An annex fit for Annapolis?

Senate addition: Some upset with project's scale, but changes took historic district into account.

August 09, 1999

THE STATE Senate deserves credit for listening to preservationists before moving ahead with plans to add an annex to the James Senate Office Building in Annapolis.

Unlike most property owners in the state capital's historic district, state government is not required to go through a preservation review process before building or renovating.

Sen. Robert R. Neall heads the Senate project. An Annapolis-area native and former Anne Arundel County executive, he is acutely aware of the importance of maintaining the look of Annapolis. He sought feedback for the plans from the private Historic Annapolis Foundation and the city's Historic Preservation Commission.

Planners adapted their suggestions and made some valuable changes: They replaced a glass walkway with a brick one to blend better with the facades; removed a 30-foot cupola that some believed was too large; and enlarged windows and an entrance to improve the look.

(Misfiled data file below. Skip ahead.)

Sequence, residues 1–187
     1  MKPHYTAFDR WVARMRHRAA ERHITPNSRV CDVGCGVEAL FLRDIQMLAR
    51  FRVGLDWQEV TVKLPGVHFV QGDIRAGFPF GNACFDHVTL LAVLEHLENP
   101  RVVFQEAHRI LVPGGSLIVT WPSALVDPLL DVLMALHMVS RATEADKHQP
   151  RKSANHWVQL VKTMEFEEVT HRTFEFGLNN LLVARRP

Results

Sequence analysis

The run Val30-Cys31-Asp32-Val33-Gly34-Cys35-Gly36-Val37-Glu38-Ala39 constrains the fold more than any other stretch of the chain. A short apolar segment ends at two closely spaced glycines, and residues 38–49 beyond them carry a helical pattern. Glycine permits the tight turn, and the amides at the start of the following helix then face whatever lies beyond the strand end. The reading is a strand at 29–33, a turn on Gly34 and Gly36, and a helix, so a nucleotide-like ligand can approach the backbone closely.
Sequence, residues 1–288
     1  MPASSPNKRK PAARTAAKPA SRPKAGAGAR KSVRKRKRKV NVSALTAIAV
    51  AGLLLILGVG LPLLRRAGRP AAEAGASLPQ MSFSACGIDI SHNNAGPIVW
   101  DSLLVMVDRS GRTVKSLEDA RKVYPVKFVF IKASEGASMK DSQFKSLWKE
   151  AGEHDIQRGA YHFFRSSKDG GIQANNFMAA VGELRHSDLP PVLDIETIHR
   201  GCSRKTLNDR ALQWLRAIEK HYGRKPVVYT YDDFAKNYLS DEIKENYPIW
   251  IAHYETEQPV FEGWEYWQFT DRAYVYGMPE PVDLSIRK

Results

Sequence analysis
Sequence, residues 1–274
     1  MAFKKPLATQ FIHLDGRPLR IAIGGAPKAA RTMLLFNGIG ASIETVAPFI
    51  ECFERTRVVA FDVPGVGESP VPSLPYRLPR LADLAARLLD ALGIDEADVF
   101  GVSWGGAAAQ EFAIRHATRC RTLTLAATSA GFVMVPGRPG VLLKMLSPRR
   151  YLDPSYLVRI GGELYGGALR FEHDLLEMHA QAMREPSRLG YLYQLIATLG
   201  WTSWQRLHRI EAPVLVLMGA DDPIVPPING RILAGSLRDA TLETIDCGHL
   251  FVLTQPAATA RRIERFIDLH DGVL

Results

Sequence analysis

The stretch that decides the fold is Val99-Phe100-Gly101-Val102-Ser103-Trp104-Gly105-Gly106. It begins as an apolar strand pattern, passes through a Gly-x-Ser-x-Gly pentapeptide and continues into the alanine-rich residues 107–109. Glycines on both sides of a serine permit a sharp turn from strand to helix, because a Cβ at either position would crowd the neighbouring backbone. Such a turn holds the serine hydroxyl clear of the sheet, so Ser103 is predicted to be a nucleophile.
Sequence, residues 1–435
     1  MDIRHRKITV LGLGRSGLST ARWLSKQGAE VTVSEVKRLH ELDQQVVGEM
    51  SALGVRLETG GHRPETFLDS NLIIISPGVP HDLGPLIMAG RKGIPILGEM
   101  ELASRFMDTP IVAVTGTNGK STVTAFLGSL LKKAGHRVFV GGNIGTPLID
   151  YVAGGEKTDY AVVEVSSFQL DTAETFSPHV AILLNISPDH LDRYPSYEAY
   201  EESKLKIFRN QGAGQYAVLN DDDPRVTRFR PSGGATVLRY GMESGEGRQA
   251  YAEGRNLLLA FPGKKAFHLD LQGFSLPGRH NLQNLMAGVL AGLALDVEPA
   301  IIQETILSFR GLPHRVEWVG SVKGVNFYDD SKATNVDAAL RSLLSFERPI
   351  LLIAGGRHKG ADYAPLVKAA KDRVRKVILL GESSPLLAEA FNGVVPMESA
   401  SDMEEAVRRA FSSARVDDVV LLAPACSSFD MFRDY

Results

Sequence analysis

The revised sketch looks compatible with the city's architecture and the James building.

Annapolis Alderwoman Louise Hammond and some other residents remain dissatisfied. They are unhappy with the size of the addition -- almost twice as large as the James building itself. Residents are also mad that Mayor Dean L. Johnson didn't keep them abreast of plans. He should have.

But they're wrong to suggest that state politicians ran roughshod over aesthetics. Mr. Neall sought opinions from the preservation community and City Hall. As to the complaint about the annex's size, it would be pointless to build an inadequate addition that would be obsolete as soon as it opened.

Private citizens have been the driving force for architectural preservation in Annapolis, but the legislature has held up its end with its own buildings near State Circle. They form an attractive gateway to the historic district.

Pub Date: 8/09/99

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